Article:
Facial asymmetry, it’s more common than you think
As a facial plastic surgeon, people are coming in for facial analysis for treatment of their noses, faces, chins etc. Most people have at least minor facial asymmetry. One eye and/or corner of the mouth is higher. Very often someone comments that their faces look more crooked in photos than in real life. Therefore the “outside world” must see them as being much more crooked than they really are. Some people actually avoid having photos taken or insist on a photo from their “good side.” Why is that?
We are much more used to the way we look in the mirror. You look in the mirror many times a day; brushing your teeth, coming your hair, putting on makeup or aftershave. We rarely look at our faces up close in photos, except when confronted with a picture.
So for patients with asymmetric faces or noses, the first thing I do is use the reverse mirror image tool my computer to show what they normally see. Toggling back and forth helps to demonstrate that they might not be as asymmetric as they think. I can also compare ¾ views since we rarely see a true profile or ourselves in mirrors or photos. If a spouse or parent is present for the consultation, they are surprised at the mirror image and comment that what the patient sees in the mirror appears more crooked than in real life’, since they are more used to the photographic image.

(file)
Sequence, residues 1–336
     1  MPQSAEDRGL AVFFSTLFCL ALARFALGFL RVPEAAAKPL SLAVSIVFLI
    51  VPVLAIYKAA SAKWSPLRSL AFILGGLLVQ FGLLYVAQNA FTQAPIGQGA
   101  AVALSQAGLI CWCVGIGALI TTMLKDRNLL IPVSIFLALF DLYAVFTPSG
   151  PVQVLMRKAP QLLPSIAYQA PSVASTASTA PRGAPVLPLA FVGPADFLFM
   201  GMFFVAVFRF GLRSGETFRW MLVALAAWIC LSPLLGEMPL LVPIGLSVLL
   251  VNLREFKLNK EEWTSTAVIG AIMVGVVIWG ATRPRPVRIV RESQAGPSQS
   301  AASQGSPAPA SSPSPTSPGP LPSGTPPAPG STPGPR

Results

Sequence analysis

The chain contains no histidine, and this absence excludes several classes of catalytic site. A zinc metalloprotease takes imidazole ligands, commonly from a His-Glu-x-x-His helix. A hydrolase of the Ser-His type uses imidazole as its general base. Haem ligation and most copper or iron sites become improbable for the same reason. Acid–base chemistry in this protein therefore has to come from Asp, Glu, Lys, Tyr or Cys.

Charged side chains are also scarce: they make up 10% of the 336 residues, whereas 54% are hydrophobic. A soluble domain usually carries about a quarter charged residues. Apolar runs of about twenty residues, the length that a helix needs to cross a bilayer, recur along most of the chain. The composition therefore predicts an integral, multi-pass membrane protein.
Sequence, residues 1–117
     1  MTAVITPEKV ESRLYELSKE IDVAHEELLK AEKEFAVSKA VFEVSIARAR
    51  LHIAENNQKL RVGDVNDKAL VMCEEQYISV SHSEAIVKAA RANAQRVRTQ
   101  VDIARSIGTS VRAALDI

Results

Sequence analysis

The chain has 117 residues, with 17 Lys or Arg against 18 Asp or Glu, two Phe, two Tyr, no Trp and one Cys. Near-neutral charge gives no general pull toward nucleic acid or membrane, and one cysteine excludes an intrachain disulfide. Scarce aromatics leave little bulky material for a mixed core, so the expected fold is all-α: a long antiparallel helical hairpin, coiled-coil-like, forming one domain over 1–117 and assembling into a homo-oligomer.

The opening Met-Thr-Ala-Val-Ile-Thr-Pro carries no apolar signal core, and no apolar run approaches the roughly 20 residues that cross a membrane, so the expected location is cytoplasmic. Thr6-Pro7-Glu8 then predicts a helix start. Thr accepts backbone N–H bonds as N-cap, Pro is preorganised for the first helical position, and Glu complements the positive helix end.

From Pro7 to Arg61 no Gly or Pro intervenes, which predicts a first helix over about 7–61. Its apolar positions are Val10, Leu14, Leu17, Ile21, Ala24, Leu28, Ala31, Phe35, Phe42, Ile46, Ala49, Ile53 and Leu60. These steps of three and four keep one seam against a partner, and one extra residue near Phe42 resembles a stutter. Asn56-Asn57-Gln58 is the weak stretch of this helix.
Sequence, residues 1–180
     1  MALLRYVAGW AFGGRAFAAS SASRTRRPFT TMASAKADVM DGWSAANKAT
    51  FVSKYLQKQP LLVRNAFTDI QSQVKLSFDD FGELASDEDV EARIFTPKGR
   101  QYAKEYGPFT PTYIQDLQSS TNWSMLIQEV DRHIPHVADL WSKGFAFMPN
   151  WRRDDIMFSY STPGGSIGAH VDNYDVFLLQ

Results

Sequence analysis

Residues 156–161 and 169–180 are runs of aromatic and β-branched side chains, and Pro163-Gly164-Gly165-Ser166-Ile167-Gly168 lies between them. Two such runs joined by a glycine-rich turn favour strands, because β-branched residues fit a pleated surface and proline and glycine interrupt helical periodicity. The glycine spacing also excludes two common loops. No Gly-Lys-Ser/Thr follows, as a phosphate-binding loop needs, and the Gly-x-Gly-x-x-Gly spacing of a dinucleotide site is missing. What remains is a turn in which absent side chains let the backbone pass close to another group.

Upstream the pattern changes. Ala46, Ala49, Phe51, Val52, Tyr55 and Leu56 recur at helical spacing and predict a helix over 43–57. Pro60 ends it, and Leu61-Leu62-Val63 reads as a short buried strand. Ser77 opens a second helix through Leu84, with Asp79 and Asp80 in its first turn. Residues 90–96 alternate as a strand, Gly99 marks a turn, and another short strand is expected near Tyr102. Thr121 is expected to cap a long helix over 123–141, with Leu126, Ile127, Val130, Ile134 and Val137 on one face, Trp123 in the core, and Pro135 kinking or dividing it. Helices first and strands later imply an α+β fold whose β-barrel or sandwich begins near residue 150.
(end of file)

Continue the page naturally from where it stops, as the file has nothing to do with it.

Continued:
As for treatment, they range from simple to complex. For minor facial asymmetries, facial fillers are great. I just use more on one side of the face. Facial implants can be also used, either by carving stock implants to fit the asymmetry or computer generated custom facial implants. Custom implants are created from a model constructed using a 3-D CT scan. Implantech has this amazing technology and is very helpful when it comes to custom facial implants.
As for noses, the tip of the nose, even if crooked, often points down the center of the upper lip. Whatever trauma caused their nose to become that way created an impact in the center of the nose creating a “C” or “S” shape but the tip ends up down the center.
For crooked noses, that is one of the reasons why I might choose to use an open approach for rhinoplasty instead of an intra-nasal, or closed, rhinoplasty. My preferences and indications for closed vs. open rhinoplasty was discussed in an earlier blog.
Facial asymmetry is more common than you think. Facial analysis and treatment with the advent of computer and 3-D imaging is a great tool to both point this out and plan treatment. Steven J. Pearlman, MD, FACS